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J Immunol. 1986 Oct 1;137(7):2180-9.

Persistence of T8+/HNK-1+ suppressor lymphocytes in the blood of long-term surviving patients after allogeneic bone marrow transplantation.


Fifteen patients and their respective bone marrow donors were entered in this study 1 to 5 yr after allogeneic bone marrow transplantation. Peripheral blood E rosetting (T) cells were analyzed for their phenotypic characteristics as well as for their ability to regulate Ig synthesis in the in vitro PWM system. A close relationship was found between a high proportion of T8+/HNK-1+ cells and/or T8+/HLA-DR+ cells and a strong (greater than or equal to 50%) inhibition of the antibody response. It was noteworthy that even the patients without suppressor activity had high proportions of such cells when compared with normal marrow donors. Moreover, the suppression occurred irrespective of the presence or absence of chronic GVHD. Through negative selection experiments (with MAb and complement) and through immunofluorescence cell sorting, it was shown that the suppressor cells expressed the T8+, HNK-1+, HLA-DR- phenotype. They did not carry the Leu-11, NKH1A, or NKH2 determinants, which are expressed on mature functional NK cells. When examined by electron microscopy, they exhibited a morphology of resting agranular lymphocytes. The significant increase of these suppressor cells among the BMT patients was not correlated with clinical syndromes such as chronic GVHD or opportunistic viral infections, which argues against the notion of in vivo profound immunodeficiency coexisting with these cells.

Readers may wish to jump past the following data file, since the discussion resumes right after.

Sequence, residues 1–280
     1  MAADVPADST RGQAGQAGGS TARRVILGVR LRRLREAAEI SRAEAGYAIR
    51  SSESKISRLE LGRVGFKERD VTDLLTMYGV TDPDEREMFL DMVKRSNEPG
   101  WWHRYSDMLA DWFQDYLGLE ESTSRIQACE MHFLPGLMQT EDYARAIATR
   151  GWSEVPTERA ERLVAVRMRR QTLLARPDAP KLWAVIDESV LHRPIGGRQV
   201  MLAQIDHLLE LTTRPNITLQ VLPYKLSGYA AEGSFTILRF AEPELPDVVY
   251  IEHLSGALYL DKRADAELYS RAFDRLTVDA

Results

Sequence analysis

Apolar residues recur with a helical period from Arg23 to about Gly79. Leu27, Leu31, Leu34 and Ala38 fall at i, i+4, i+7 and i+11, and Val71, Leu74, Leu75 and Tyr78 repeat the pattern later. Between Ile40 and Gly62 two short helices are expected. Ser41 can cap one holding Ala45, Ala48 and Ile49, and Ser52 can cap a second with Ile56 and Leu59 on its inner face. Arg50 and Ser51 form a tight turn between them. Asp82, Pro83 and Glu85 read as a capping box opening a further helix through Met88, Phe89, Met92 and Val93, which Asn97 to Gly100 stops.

[PubMed - indexed for MEDLINE]
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